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Human rights commission tosses complaint on Saskatoon city councillor's prayer

SASKATOON — The Saskatchewan Human Rights Commission has dismissed a complaint against the City of Saskatoon and one of its councillors over a prayer.

Ashu Solo filed the complaint in March 2013 after Coun. Randy Donauer recited a prayer at a volunteer appreciation banquet the previous year.

"Mr. Solo says the prayer was coercive and made him feel marginalized,'' chief commissioner David Arnot wrote in a ruling released Thursday.

"He told the investigator that he felt he was treated as a second-class citizen. Mr. Solo says eating food blessed by a Christian prayer is contrary to his beliefs so he chose not to eat.''

Arnot said witnesses told a commission investigator that Donauer gave a prayer or grace at the banquet. Some witnesses said it was generic. Others said it contained references associated with Christianity. All witnesses agreed it was brief.

Regardless, Arnot said, it wasn't the right time or place for a prayer.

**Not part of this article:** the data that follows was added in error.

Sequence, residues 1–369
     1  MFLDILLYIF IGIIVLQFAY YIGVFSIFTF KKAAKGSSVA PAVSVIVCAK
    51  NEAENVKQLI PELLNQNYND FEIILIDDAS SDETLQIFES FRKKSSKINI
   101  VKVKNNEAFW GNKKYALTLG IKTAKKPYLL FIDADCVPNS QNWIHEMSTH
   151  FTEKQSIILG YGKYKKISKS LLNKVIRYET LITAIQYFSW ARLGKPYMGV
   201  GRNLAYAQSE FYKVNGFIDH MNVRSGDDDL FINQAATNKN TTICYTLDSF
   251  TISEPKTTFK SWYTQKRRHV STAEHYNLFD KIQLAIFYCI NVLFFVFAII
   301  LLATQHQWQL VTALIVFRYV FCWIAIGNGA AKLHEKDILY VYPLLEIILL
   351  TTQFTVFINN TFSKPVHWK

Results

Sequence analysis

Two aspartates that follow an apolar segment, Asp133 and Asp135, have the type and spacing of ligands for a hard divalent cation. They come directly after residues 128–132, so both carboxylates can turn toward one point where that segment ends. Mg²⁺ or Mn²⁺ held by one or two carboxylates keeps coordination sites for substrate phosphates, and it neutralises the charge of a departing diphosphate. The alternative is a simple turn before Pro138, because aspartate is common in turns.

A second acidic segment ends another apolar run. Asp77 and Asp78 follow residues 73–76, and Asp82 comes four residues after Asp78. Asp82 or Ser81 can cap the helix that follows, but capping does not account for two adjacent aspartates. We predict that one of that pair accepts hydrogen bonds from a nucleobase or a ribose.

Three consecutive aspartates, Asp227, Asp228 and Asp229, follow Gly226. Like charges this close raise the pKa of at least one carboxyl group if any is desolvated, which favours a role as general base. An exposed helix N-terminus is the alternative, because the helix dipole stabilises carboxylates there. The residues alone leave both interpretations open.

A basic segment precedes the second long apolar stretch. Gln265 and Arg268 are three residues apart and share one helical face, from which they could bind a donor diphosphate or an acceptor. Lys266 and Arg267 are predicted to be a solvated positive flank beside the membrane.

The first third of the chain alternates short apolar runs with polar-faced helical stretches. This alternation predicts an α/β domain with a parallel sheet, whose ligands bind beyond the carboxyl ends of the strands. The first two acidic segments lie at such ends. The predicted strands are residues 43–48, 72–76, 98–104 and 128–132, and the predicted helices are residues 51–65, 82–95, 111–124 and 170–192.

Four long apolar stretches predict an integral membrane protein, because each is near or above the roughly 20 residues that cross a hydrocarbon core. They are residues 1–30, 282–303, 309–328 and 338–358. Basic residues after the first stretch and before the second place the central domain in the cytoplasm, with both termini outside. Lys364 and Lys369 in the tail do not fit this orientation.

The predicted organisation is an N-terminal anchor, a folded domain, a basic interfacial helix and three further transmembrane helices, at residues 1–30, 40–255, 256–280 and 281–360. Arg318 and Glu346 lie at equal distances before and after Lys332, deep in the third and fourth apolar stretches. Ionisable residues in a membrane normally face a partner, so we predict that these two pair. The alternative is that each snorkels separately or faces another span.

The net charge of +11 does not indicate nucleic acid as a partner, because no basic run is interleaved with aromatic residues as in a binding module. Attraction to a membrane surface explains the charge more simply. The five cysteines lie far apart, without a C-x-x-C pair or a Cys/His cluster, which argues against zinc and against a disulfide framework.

"The recitation of a Christian prayer at this event represents poor judgment,'' he wrote.

"It was disrespectful and insensitive to a multicultural, multi-ethnic and multi-theist audience. The volunteers attending the dinner, like the citizens of Saskatoon, have varied religious, spiritual and cultural traditions. The decision to incorporate a Christian prayer ignored this reality.''

Arnot said he has no doubt that Solo was offended, but the commissioner also said he doesn't accept that the prayer impeded Solo from acting on his beliefs.

"Given the context of the prayer, any interference with Mr. Solo's ability to act in accordance with his beliefs would be nothing more than trivial or insubstantial. I do not believe Mr. Solo can establish that the prayer caused him sufficient harm to breach the (Saskatchewan Human Rights) Code.''

The city appears to have recognized Solo's concerns by eliminating prayer from volunteer appreciation banquets, Arnot noted.

That doesn't mean prayer or spiritual ceremonies can never be combined with municipal activities, he added. State promotion of multiculturalism does not violate the code.

"However, it seems that religious practices should not typically or regularly be incorporated into either the core function of government or social events organized by municipalities. The adoption of a general practice of reciting prayers at municipal events is contrary to the code.''

Solo had complained once before to the human rights commission about a "Merry Christmas'' message on city buses, but that objection was also tossed.

© 2016 The Canadian Press

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